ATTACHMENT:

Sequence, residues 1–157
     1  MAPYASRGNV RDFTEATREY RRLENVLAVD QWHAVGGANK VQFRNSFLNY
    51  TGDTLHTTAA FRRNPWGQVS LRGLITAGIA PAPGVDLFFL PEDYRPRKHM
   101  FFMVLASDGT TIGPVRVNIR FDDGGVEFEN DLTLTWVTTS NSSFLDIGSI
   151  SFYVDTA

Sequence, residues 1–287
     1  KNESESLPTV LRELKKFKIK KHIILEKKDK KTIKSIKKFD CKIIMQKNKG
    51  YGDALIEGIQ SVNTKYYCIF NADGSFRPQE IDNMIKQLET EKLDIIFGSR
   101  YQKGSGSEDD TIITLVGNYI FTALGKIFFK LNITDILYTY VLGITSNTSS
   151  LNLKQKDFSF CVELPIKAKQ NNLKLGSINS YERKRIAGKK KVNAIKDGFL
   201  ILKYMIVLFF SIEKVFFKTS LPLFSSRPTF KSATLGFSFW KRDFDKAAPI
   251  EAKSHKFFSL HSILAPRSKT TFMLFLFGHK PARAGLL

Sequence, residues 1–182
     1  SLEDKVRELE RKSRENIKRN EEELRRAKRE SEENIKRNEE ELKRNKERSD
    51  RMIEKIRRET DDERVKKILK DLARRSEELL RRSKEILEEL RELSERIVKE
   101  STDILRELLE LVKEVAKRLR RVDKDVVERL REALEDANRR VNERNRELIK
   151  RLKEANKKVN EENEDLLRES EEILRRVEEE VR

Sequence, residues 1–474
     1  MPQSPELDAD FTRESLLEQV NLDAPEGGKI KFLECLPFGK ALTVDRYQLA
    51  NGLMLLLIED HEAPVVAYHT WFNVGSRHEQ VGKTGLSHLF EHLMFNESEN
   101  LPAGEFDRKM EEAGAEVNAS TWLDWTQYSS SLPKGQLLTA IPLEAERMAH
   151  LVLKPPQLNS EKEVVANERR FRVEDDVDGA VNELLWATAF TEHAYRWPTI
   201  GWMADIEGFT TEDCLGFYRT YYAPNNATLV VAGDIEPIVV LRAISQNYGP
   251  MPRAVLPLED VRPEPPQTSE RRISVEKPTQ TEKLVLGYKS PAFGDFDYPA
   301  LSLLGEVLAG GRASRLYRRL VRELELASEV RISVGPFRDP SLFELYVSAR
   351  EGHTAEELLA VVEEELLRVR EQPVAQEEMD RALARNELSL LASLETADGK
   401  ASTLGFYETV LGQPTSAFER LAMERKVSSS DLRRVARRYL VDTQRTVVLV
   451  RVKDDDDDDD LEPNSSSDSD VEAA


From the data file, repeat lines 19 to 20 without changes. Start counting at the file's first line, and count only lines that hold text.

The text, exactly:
     1  MPQSPELDAD FTRESLLEQV NLDAPEGGKI KFLECLPFGK ALTVDRYQLA
    51  NGLMLLLIED HEAPVVAYHT WFNVGSRHEQ VGKTGLSHLF EHLMFNESEN